I think that for Joseph, the just man, he must truly have loved, really intensely loved Mary. What he does for her is not just out of duty and piety. He does what he does because he truly, deeply, chastely loves her and was totally devoted to her, going far above and beyond. Joseph loved his wife and he would do anything for her, even giving up everything he has and knows for her. He adores his wife; he trusts her. And when her son, the Son of God, is born, he loves her even more because of Jesus.

On this solemnity of Saint Joseph, pray we can be more inspired to use the example of Saint Joseph as a model in our lives. Pray that we can be enlightened and enriched by the example of Saint Joseph to listen and appreciate the shared experiences and perspectives of others.

Palm Sunday of the Lord’s Passion – March 24, 2024

Readings: Mk 11:1–10 or Jn 12:12–16 • Is 50:4–7 • Ps 22:8–9, 17–18, 19–20, 23–24 • Phil 2:6–11 • Mk 14:1—15:47          bible.usccb.org/bible/readings/032424.cfm

When I was leaving my very first priestly assignment as a young parochial vicar, I was, naturally enough, very sad. I was speaking to a brother priest who worked with me in the parish as the other parochial vicar, and, with the arrogance that can only come from inexperience said, “At least I know that, as I leave this parish, all the people really loved me.” My friend, older, with a few more years of priesthood under his belt, laughed hard and said, “No, no they didn’t! What, are you crazy? Not everyone loved you!” I was horrified! I was dismayed! In truth, I was angry! I demanded to know what he meant! My brother priest simply stated: “You’re human; you have flaws, and you’re not everyone’s cup of tea! Some people don’t like the super-catechetical homilies that you gave! Some felt you paid no attention to the senior citizens and were always at the school! Don’t worry about it! 10% of the parish loves you and will remember you fondly. 10% of the parish will be happy you’re in a new assignment. 80% will really have no opinion whatsoever! They just love the sacraments and support their priests.”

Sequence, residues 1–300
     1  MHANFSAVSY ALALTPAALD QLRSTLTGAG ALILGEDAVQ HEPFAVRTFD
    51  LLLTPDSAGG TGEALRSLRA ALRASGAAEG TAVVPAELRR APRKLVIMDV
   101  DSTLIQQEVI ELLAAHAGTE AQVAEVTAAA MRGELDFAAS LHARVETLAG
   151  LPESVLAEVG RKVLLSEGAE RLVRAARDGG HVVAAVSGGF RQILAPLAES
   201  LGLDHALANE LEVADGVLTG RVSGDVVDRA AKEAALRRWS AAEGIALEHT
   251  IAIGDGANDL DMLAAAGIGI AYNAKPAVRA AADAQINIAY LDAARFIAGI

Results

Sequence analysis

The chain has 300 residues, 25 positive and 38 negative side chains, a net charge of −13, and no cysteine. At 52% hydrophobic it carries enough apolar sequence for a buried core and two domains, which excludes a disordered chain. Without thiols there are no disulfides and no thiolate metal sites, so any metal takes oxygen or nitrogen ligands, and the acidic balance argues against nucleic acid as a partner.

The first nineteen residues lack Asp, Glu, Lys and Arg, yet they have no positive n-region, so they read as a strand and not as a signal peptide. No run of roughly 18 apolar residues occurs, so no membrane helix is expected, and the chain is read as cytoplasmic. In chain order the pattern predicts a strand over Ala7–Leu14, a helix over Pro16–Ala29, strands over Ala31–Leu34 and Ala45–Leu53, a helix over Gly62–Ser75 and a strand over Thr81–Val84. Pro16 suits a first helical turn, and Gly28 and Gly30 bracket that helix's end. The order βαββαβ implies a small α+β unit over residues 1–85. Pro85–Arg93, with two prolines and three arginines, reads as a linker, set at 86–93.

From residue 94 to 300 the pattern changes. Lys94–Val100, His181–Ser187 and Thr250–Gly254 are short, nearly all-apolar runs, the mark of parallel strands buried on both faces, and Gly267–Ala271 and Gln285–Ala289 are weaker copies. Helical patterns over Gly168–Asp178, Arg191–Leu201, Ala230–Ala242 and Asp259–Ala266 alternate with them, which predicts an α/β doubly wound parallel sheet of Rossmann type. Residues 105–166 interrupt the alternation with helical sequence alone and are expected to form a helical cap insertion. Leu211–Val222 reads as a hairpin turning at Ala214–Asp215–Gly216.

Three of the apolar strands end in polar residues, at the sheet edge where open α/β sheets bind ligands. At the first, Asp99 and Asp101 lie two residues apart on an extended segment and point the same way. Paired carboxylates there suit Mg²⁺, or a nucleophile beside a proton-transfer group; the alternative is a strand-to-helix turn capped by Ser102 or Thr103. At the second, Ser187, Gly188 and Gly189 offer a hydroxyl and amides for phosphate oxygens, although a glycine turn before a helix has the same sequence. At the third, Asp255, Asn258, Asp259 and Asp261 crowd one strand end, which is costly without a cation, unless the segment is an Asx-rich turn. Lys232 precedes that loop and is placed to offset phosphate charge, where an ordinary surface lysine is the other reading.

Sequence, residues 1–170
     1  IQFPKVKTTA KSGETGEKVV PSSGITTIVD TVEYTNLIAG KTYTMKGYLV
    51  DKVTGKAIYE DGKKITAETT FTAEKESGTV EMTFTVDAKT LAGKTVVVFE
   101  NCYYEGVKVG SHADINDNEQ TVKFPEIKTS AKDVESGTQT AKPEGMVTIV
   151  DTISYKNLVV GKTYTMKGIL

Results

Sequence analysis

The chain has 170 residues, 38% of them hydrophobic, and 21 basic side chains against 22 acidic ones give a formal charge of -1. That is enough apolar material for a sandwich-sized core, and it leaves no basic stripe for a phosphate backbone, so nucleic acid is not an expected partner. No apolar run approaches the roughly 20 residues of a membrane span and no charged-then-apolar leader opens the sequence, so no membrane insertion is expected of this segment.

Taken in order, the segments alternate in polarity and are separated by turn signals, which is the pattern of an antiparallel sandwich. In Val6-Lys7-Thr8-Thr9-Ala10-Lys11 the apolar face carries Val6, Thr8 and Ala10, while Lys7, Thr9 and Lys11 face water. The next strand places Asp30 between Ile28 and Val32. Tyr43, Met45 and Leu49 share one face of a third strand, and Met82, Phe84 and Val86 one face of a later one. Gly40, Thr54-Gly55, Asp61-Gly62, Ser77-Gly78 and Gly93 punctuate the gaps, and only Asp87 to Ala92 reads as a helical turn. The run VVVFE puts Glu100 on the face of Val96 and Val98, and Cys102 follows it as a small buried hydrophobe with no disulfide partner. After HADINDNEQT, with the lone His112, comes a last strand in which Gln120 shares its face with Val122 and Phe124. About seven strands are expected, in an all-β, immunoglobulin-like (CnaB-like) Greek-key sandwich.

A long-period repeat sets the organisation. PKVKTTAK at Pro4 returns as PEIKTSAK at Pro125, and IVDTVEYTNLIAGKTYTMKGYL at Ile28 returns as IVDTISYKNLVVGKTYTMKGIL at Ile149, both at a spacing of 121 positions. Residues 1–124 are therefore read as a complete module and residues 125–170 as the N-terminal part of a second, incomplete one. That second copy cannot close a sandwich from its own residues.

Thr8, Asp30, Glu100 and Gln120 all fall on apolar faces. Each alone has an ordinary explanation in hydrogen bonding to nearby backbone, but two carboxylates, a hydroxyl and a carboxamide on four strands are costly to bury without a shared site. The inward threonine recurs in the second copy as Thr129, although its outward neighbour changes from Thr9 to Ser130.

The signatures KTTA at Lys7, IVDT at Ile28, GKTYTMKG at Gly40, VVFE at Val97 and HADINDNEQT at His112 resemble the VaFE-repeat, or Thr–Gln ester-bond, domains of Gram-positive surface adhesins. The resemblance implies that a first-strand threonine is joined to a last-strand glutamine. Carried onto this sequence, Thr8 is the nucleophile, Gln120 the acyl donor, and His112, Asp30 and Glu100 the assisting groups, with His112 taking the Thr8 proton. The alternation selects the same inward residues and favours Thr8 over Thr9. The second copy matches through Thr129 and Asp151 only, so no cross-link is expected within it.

As I mentioned, I was sad. Was I a failure? Did I not make a difference in the lives of my parishioners, even after five years of service as their parish priest? And, most of all, why didn’t everyone like me? After all, I’m a really great guy, aren’t I?